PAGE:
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Submission + - Data Remanence Solutions 3

MightyMartian writes: The company I work for has just had their government contract renewed, which is good news, giving me several more years of near-guaranteed employment!

However, in going through all the schedules and supplementary documents related to the old contract, which we will begin winding down next spring, we've discovered some pretty stiff data remanence requirements that, for hard drives at least, boil down to "they must be sent to an appropriately recognized facility for destruction."

Now keep in mind that we are the same organization that has been delivering this contract all along, so the equipment isn't going anywhere. What's more, destruction of hard drives means we have to buy new ones, which is going to cost us a lot of money, particular with prices being so high.

I've looked at using encryption as a means of destroying data, in that if you encrypt a drive or a set of files with an appropriately long and complex key, and then destroy all copies of that key, that data effectively is destroyed. I'd like to write up a report to submit to our government contract managers, and would be interested if any Slashdotters have experience with this, or have any references or citations to academic or industry papers on dealing with data remanence without destroying physical media.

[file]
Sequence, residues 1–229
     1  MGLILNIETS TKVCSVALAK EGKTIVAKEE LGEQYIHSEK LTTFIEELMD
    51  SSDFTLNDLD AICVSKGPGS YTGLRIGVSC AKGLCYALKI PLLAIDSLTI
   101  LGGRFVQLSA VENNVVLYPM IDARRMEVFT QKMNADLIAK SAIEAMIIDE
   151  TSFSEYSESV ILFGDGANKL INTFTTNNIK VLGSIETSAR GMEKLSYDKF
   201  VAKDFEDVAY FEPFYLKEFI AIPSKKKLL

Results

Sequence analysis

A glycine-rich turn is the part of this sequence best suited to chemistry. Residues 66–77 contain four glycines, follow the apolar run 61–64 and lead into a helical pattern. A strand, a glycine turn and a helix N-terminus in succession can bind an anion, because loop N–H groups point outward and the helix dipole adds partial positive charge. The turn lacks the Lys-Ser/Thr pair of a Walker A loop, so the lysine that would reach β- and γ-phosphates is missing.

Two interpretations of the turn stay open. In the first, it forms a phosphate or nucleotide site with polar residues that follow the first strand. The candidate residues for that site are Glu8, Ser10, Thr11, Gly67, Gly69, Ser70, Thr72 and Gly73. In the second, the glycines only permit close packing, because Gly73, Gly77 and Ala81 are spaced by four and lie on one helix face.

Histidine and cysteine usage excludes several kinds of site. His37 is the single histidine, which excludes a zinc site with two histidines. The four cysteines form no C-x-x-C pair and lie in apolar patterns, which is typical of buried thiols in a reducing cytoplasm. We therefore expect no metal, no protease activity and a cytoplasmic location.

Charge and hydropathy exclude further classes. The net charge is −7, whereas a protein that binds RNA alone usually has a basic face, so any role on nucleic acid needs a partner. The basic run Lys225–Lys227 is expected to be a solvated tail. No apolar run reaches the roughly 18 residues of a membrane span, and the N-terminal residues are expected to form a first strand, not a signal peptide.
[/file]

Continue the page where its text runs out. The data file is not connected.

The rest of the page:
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Data Remanence Solutions

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  • Dunno about the encryption, but sounds like you need to get your company / site certified as an "appropriately recognized facility".

  • There may still be data lying around in bad sectors that encryption won't reach. And if the drives have partitions, you need to make sure each and every partition gets proper treatment and that all data areas are reachable by your method.

    Not all of the rules for handling the data may make sense to you but whatever encryption you use may possibly be broken at some point. I don't know what the data is, but some data is to be protected forever. If the drives are not destroyed, you now have to monitor and tr
    • I thought I had a line about patterning the disks. You want to pattern instead of encrypt. With encryption, it can be broken. It may be practically impossible now, but not necessarily in the future. Patterning securely erases the data. To recover it means looking at the transitions and signal strengths in analog to try to tease out what the previous bits were. The more patterns, the harder that becomes. But there are still other ways to get the data - reading the track slightly off center to pick stuff up t

e-credibility: the non-guaranteeable likelihood that the electronic data you're seeing is genuine rather than somebody's made-up crap. - Karl Lehenbauer